# Chapter 11

```CHAPTER
11
Social Security
McGraw-Hill/Irwin
Social Security Expenditures
(1939-2007)
Source: Social Security Trustees [2008].
11-2
Why Have Social Security?
• Consumption Smoothing and the Annuity
Market
– How Social Security works
– Annuity
– Consumption smoothing
• Adverse Selection and the Annuity Market
– Asymmetric information
11-3
Other Justifications
• Lack of foresight and paternalism
• Moral hazard
• Economize on decision-making and
• Income Redistribution
• Improve the Economic Status of the Aged
11-4
Fully Funded Plan
Period 1 Period 2 Period 3 Period 4
The Greatest
Generation
Work
contribute
The Baby Boom Childhood
Generation
Generation X
Unborn
Retire
Each generation’s
benefits
benefits based on
deposits it made during
Retire
Work
working life plus
accumulated interest
contribute
benefits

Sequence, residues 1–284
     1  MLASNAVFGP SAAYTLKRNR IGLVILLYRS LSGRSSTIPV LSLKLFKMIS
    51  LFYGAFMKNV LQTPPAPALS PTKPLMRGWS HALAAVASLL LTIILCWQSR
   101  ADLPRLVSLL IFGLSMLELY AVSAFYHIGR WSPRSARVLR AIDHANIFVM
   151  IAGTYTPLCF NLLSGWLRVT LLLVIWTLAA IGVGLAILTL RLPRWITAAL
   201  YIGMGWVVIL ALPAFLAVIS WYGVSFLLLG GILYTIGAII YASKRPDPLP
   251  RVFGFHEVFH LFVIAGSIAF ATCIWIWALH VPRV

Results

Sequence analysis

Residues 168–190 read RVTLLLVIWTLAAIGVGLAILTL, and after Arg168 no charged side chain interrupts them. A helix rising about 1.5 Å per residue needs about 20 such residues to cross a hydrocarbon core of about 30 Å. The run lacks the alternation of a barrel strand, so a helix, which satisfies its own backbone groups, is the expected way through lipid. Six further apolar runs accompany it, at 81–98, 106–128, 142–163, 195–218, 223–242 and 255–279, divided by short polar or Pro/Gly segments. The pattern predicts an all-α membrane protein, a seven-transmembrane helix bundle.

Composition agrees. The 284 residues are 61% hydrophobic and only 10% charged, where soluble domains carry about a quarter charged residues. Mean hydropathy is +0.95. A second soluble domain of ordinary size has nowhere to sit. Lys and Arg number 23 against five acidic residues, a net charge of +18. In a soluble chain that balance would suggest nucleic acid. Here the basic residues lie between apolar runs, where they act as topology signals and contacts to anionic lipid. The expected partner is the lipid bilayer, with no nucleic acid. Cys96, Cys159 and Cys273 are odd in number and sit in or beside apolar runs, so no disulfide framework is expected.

Childhood
Work
contribute
Still
Retire
benefits
11-5
Pay As You Go (or Unfunded)
System
Period 1 Period 2 Period 3 Period 4
benefits
The Greatest
Generation
Work
Retire
contribute
benefits
The Baby Boom Childhood
Generation
Generation X
Unborn
Work
Each generation’s
Still
benefits come from
tax
current workers
Retire
contribute
benefits
Childhood
Work
Retire
contribute
benefits
11-6
Today’s Partially Funded System
Period 1 Period 2 Period 3 Period 4
benefits
The Greatest
Generation
Work
contribute
The Baby Boom Childhood
Generation
Generation X
Unborn
Baby Boomers
and Gen X are
Retirealso
contributing to
their own
benefits
retirement
Work
Retire
Still
contribute
benefits
Childhood
Work
Retire
contribute
benefits
11-7
Explicit Transfers
• Benefits for dependents and survivors (1939)
• Supplemental Security Income
11-8
Benefits
• How to calculate benefits
– AIME (Average Indexed Monthly Earnings) –